Heavenly male voices sing Gregorian chants. Inside the current monastery of Pietro di Sorres, which was once a cathedral, not only will you look at its architectural beauty with admiration, but you will also be spellbound as you listen to the melodic sounds.

The beautiful Romanesque church stands on a hill in the territory of Borutta, in theMeilogu region, not far from the village and the old Roman road that connected the north of the Island to the south. Its strategic position has revealed tombs from the Byzantine period and a wealth of grave goods.

It is thought that San Pietro di Sorres was built between 1170 and 1200, by that MarianeMaistro whose signature was left on the step beneath the main door. Like other Sardinian cathedrals, it was built after the reform of the Church of the Benedictine Pope, Gregory VII. The bond with the papacy explains the dedication made to the saint. In the Middle Ages, it was the seat of the diocese of Sorres and, after being a cathedral for centuries, it was modified in the 1950s, to function as a monastery for the Benedictine order.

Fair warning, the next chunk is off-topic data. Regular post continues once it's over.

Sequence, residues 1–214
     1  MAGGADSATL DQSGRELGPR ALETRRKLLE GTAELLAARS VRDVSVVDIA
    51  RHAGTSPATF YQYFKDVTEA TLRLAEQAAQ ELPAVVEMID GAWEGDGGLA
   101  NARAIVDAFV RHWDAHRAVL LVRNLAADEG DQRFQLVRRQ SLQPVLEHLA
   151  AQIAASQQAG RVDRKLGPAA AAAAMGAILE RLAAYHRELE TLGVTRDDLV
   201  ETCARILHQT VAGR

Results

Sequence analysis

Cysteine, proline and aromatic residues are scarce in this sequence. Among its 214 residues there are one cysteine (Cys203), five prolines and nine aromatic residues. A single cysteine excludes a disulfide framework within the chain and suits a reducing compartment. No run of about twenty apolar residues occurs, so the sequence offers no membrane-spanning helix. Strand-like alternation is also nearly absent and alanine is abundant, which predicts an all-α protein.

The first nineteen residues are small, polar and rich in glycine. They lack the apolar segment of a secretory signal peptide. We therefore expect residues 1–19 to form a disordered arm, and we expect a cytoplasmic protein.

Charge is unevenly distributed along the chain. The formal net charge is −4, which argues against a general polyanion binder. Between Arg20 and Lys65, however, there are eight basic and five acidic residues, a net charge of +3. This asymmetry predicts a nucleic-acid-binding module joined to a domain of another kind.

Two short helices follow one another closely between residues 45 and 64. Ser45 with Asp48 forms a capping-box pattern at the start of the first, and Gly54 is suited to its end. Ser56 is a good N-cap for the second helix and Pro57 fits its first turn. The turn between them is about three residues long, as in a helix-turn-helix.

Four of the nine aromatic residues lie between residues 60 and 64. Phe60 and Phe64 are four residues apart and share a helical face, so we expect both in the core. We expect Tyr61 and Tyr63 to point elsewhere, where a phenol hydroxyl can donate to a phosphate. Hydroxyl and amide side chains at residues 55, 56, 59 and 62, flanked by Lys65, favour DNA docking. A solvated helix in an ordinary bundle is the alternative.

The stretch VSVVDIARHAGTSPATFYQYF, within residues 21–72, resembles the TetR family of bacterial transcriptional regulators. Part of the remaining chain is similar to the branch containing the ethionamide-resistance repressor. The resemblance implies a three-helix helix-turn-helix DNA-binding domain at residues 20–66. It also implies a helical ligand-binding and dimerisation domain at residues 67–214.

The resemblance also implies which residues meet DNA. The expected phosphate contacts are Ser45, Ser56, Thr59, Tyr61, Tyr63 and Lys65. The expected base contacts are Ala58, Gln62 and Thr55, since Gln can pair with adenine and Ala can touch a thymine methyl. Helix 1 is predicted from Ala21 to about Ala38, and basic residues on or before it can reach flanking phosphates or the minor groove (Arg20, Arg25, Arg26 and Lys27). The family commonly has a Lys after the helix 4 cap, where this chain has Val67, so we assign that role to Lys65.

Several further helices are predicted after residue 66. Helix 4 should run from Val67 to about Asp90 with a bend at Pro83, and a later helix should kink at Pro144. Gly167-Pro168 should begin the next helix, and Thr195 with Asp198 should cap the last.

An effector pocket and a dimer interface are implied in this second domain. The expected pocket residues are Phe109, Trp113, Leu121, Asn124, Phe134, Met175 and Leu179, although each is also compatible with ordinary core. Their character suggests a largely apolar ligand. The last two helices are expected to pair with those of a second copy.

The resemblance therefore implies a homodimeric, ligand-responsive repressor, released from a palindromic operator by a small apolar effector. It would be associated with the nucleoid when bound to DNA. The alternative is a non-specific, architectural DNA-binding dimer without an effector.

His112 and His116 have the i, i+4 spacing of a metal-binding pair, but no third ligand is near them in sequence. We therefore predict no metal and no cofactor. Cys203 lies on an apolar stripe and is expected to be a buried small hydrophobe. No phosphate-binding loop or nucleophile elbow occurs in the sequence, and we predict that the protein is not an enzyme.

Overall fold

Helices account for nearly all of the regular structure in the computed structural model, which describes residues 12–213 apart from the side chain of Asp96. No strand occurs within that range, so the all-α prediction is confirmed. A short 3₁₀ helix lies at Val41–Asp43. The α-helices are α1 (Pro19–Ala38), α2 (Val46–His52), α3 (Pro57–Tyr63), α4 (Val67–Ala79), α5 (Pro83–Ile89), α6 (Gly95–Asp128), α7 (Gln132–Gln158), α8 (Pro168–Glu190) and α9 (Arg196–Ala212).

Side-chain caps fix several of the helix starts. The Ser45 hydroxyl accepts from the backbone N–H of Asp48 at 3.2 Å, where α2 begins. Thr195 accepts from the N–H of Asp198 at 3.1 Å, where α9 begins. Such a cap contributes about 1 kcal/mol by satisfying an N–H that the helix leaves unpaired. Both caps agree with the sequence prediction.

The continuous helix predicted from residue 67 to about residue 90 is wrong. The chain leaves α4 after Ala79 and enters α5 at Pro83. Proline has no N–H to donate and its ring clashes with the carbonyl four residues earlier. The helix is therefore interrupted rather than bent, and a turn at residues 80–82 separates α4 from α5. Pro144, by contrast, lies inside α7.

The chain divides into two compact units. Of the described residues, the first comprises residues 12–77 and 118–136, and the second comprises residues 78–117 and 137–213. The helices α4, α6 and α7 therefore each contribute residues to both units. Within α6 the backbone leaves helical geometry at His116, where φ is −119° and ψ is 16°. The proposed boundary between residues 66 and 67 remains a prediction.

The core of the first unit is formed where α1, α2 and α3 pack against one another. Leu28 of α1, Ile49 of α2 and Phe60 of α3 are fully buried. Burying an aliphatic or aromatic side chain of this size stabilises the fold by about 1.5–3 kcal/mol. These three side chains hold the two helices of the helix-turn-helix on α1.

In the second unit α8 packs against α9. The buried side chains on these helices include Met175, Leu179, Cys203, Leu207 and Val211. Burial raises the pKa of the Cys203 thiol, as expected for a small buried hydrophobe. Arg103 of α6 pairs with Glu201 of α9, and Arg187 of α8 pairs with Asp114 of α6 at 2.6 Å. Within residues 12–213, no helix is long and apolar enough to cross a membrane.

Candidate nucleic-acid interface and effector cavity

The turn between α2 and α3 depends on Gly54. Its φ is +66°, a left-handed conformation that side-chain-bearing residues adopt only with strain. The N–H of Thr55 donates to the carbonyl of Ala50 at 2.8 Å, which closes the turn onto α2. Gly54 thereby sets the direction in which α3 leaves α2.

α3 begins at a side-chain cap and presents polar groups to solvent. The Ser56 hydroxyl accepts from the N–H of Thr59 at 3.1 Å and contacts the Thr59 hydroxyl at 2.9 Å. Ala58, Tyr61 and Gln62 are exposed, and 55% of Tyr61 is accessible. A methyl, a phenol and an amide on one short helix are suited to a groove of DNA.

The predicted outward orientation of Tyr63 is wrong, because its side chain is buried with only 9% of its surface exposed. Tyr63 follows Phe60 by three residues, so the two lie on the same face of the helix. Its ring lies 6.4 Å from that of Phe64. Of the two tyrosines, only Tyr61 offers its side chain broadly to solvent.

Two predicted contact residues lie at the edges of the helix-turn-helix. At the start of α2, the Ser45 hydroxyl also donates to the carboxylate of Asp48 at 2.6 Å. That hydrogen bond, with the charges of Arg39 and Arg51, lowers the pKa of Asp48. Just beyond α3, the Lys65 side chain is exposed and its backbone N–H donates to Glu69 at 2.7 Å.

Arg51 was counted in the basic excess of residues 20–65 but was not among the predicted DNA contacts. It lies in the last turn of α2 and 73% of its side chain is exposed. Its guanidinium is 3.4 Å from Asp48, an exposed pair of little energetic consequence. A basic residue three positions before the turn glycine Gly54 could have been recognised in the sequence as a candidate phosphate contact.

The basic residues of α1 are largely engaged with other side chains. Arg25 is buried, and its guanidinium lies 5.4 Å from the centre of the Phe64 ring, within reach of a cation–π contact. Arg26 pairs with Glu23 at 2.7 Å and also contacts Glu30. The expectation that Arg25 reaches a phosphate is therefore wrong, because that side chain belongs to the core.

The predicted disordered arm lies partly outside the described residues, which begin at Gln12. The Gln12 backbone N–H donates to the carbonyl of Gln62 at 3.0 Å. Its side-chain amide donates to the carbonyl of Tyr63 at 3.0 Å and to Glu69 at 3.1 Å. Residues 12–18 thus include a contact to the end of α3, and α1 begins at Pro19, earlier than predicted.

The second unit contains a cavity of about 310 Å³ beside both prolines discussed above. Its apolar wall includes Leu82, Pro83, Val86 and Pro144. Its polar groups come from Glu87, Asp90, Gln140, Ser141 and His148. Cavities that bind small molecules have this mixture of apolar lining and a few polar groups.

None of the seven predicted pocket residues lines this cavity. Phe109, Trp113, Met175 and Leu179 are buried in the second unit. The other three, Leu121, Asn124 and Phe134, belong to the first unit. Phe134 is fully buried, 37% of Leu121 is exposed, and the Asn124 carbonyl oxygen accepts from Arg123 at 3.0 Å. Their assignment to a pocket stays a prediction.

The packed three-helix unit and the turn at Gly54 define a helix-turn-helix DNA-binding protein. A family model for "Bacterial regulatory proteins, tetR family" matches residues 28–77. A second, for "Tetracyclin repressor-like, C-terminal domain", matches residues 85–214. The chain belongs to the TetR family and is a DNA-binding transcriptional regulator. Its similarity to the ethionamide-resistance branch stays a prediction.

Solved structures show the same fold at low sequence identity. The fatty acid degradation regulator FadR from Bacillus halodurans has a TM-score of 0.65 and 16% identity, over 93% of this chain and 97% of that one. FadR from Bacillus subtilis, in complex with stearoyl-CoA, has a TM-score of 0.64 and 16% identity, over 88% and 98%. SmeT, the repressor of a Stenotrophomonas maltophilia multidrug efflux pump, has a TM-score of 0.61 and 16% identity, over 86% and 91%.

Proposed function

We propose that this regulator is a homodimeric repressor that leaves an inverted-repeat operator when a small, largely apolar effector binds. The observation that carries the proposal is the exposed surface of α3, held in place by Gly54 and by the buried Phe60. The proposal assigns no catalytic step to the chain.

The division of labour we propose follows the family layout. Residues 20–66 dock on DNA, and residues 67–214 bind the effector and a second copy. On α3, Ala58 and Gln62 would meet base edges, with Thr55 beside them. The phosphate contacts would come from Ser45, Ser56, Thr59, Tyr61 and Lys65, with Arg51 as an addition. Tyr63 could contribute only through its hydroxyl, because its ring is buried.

The stages of its construction are reflected in its architecture: parts made of limestone and volcanic rock have been put on top of the masonry pillars. The columns supporting the arches on the eastern side are extremely fascinating. The geometric decorations guarantee the homogeneity of the complex: diamond shapes and concentric wheels run along the façade and the entire perimeter. The apse, which is caressed by the sunlight coming in through three single-lancet windows, will charm you with its elegance. Inside, there are three naves, separated by two rows of six cross-shaped pillars and covered by basalt cross vaults. As a whole, the harmony of its forms and colours strikes you, instilling a sensation of majesty.